The FaithAction Manifesto 2019: part 2
As Elspeth outlined last week, FaithAction has some ideas about how we’d like to see this nation changed. The word that we believe captures our vision is decency. The promotion of the decent life should be a goal of all policy, domestic and foreign, but with the next general election just around the corner we decided to take a few key policies we believe in and put them in a manifesto.
As our manifesto has been launched, I wish to discuss one of the policy areas we included: FaithAction believes the next government should Recognise the Skills, Experience and Benefits of Faith-Based Organisations and Resource Appropriately.
Why is this important?
Some problems – mental health, addiction, loneliness – affect us all. They are everyone’s business, and we should be looking for common solutions to these common problems. Historically, faith-based organisations have played a central role in these efforts, and the relationships, access, experience, and volunteers they bring to the table mean they should continue to be considered as key players.
Moreover, the community-based nature of FBOs brings additional benefits including long-lasting social capital. Faith communities offer places of belonging, rehabilitation, healing, learning, creativity, and transformation. We want these surplus benefits to be recognised.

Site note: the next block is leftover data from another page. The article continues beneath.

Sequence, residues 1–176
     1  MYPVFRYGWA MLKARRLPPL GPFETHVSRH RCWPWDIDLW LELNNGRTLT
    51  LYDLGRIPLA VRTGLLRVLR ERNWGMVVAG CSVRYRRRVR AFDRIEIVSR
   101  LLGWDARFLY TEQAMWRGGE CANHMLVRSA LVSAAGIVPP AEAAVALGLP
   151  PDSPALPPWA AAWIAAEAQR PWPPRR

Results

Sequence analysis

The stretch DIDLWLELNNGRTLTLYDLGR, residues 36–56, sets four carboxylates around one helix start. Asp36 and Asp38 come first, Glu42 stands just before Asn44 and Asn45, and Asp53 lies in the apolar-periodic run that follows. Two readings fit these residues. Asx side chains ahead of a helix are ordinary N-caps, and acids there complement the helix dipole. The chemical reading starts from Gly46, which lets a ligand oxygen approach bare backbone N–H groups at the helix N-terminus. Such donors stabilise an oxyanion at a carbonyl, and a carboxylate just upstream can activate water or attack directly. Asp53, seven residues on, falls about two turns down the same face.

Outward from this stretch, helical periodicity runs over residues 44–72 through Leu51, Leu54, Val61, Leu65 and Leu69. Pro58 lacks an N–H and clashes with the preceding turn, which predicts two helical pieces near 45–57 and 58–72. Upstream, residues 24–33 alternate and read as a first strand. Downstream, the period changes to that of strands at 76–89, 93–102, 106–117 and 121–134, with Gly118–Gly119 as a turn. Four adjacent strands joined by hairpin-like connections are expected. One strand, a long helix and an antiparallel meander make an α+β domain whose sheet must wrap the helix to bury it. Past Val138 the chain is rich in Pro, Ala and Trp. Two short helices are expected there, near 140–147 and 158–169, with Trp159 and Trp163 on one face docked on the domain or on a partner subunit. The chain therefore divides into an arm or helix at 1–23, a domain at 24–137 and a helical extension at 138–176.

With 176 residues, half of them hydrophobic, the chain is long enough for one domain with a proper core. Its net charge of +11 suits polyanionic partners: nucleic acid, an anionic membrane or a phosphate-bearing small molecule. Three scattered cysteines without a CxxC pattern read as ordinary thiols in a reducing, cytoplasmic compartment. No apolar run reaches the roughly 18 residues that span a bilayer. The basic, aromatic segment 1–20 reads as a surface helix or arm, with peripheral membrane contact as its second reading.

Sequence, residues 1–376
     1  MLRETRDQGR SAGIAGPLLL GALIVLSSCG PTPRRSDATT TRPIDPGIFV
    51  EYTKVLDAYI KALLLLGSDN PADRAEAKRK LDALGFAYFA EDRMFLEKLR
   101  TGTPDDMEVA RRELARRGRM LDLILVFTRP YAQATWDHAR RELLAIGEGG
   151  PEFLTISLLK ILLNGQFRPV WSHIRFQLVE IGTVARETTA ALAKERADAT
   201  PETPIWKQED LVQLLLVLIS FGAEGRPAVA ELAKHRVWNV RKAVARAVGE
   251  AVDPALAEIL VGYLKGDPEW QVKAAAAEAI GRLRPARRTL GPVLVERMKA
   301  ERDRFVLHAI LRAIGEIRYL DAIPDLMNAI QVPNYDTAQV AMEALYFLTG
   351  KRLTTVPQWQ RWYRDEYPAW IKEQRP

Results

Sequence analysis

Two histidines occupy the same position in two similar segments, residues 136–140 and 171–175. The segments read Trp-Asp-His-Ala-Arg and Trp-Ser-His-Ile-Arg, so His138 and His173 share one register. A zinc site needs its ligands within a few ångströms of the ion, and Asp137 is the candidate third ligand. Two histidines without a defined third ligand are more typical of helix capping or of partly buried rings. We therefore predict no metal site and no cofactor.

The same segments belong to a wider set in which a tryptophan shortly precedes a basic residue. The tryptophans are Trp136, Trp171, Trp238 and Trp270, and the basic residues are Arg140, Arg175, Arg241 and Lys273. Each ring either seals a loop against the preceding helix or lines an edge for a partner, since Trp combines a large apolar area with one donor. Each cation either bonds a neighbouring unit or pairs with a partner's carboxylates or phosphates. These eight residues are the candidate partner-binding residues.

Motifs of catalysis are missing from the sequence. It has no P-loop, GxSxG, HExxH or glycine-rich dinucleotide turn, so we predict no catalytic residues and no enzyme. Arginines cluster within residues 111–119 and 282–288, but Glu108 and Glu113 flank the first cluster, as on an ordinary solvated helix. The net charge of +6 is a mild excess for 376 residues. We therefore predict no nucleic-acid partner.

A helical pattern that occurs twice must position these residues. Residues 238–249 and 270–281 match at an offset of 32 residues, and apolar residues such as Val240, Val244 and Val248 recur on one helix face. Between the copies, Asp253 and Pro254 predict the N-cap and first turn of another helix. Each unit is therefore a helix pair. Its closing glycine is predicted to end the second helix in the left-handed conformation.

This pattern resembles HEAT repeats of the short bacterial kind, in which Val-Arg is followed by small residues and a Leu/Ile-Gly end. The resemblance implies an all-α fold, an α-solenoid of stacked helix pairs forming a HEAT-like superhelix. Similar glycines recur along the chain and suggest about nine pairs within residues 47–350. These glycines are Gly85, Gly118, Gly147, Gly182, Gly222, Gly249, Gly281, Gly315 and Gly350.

What do we want to see?
Faith communities have many years of experience in helping to bring about a more decent life for the communities they operate in. We therefore want to see MPs meeting with faith leaders, and local governments partnering with faith communities, to bring about change.
The Faith Covenant is a key tool for facilitating trust and increasing cooperation between Local Authorities and FBOs. We therefore want to see more people talking about it, more signatories, and more effective partnerships formed.
A decent society is also a neighbourly one. Faith communities have a drive to fix problems but also to build relationships. We want to see this emphasis on seeing people not as projects but as neighbours to be proliferated vertically, between government and society, but also horizontally, between individuals up and down the country.